Not so long ago, the notion of luxury German brand BMW hiring an engineer from General Motors might have been a stretch. The company prefers to promote engineers from within its Munich engineering headquarters.
But reports that Frank Weber, the lead engineer of the 2011 Chevrolet Volt team, has been hired by BMW demonstrate how radically times have changed.
BMW was arguably the automaker of scale least knowledgeable about electric cars as recently as five years ago. Its first attempt at gathering real-world data, several hundred Mini E electric conversions, was not particularly pleasant as electric cars go.
It will soon release several hundred BMW ActiveE electric conversions of the 1-Series sedan. Then in 2014, it will launch both the carbon-fiber BMW i3 (nee BMW MegaCity Vehicle) urban electric car and the i8 plug-in hybrid performance car.
What better way to ensure that the introduction of your first electric-drive products come off smoothly than to hire the man who made the Volt the car it is today?
The Volt has, thus far, been a success for General Motors. It’s the first electric vehicle built by the company since the late, lamented EV1 two-seat electric car, and the Volt has garnered both massive publicity and intense public interest.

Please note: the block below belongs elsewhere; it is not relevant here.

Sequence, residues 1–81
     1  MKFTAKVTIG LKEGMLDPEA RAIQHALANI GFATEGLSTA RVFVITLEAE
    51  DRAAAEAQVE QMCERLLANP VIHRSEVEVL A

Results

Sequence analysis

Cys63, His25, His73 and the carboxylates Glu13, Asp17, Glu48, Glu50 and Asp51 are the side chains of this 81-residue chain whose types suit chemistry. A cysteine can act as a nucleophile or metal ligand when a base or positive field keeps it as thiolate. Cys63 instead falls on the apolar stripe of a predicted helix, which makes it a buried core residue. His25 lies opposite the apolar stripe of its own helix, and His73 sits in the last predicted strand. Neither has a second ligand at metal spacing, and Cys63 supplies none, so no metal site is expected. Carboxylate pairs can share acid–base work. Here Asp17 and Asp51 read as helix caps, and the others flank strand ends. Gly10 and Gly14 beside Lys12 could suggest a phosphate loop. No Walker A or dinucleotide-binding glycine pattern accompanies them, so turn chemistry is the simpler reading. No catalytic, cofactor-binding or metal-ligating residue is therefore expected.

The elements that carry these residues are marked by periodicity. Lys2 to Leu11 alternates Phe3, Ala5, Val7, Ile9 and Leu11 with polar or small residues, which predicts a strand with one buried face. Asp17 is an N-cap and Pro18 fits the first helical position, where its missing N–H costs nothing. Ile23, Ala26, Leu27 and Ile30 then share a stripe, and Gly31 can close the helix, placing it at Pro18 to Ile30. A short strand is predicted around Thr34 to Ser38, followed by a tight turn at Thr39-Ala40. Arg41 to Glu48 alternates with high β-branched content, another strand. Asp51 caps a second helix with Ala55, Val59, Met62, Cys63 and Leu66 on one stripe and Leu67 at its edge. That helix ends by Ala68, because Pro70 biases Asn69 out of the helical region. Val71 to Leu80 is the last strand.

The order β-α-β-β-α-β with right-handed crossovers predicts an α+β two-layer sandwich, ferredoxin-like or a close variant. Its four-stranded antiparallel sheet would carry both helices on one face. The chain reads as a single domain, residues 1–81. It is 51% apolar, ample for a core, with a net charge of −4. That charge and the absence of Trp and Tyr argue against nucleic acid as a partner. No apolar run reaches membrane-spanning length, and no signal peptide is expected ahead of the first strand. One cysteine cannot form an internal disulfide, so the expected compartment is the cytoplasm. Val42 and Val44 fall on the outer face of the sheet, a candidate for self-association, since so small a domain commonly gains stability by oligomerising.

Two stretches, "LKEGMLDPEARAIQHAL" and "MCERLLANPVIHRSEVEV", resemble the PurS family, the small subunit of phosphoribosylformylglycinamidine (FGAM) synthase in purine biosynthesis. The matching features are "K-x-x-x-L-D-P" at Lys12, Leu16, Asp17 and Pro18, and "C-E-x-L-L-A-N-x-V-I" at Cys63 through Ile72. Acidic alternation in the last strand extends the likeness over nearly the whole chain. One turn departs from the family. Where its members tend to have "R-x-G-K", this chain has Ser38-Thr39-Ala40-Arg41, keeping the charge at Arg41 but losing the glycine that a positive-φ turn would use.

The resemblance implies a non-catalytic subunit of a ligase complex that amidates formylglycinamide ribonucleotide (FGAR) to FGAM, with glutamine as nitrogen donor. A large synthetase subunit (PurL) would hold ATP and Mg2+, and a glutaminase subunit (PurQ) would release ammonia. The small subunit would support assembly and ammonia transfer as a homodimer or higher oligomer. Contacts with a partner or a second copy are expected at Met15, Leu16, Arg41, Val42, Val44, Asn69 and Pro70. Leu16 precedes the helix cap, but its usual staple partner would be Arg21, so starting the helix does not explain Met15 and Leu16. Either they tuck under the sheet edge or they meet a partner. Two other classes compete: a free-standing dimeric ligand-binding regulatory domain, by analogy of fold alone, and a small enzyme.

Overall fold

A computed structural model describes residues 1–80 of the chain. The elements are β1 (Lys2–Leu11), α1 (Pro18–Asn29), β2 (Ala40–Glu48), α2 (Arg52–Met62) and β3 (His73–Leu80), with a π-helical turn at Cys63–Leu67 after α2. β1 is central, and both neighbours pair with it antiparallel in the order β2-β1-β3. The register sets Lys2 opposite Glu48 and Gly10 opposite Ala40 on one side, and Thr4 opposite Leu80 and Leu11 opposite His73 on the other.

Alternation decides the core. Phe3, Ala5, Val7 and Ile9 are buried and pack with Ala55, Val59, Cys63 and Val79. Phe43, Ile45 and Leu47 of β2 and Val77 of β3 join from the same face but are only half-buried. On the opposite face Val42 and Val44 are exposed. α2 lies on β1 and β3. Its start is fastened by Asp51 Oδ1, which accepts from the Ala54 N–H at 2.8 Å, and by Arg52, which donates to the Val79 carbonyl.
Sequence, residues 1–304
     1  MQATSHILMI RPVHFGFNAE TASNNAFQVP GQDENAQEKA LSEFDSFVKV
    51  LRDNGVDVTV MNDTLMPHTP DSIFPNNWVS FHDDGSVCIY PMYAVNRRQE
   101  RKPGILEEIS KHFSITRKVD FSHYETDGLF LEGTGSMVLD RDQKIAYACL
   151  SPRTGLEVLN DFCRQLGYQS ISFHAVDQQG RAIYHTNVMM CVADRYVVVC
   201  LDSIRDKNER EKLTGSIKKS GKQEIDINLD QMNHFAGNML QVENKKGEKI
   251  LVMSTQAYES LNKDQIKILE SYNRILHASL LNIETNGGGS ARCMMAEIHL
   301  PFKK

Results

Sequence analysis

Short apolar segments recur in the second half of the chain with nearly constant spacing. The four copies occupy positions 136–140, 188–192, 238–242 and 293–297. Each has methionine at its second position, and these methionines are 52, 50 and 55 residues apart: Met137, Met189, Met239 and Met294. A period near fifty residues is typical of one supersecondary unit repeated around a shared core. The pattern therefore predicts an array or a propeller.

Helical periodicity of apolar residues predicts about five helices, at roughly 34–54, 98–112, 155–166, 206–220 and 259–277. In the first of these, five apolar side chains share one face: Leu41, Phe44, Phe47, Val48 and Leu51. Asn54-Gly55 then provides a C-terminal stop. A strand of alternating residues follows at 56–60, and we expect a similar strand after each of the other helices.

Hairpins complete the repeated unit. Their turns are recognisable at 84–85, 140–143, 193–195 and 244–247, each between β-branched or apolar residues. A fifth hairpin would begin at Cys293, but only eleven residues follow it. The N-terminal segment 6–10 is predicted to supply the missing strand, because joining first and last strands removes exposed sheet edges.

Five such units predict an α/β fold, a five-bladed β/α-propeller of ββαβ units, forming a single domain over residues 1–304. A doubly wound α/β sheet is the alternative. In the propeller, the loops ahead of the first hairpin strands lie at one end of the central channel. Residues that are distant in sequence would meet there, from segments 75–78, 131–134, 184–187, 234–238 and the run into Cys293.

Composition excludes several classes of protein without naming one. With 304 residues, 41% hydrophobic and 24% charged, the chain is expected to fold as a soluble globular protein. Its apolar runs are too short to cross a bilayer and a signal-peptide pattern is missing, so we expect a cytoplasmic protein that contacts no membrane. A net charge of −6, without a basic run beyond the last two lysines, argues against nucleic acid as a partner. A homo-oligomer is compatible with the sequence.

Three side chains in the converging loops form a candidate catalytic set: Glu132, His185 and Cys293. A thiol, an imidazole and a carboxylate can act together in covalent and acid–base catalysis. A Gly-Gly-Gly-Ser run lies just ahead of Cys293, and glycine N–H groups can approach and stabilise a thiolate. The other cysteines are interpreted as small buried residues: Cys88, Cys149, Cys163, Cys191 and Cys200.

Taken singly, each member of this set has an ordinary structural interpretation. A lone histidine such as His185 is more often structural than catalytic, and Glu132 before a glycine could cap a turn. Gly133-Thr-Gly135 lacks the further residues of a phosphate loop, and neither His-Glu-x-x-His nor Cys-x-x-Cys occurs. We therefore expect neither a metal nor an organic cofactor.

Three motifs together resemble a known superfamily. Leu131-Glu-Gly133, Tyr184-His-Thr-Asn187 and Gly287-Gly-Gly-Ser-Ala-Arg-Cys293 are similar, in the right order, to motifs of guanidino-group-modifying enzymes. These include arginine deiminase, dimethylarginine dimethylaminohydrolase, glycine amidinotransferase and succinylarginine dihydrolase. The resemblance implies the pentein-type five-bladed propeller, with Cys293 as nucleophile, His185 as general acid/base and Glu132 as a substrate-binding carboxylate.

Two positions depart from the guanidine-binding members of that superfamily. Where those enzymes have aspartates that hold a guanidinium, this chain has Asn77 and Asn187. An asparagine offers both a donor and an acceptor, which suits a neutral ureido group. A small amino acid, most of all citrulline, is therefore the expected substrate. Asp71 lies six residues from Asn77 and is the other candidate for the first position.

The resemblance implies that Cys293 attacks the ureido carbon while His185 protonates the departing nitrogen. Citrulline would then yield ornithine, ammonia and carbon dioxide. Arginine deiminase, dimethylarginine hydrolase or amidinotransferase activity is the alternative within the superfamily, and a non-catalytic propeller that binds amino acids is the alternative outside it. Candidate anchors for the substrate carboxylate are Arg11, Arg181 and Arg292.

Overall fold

Moreover, as a range-extended electric car (or ‘series hybrid’), the Volt offers many lessons for BMW into how to use a combustion engine to generate electricity on which to power a vehicle whose wheels are turned solely by one or more electric motors.
The i8 fits this mold. Its prototype — the Vision EfficientDynamics concept unveiled at the 2009 Frankfurt Motor Show–used a 1.5-liter three-cylinder turbodiesel engine to power a generator once its 10.8-kilowatt-hour lithium-ion battery pack was depleted.
Sound familiar, Volt fans?
Weber (“VAY-ber”) himself is both an automotive engineer and a trained classical concert pianist. He had left the Volt team late in 2009 and returned to his native Germany to run all of product development for GM’s European brand Opel.
He will report directly to BMW’s chief of research and development, Klaus Draeger, giving Weber effective management of all BMW activities in electric drive. The appointment will likely be announced officially this week.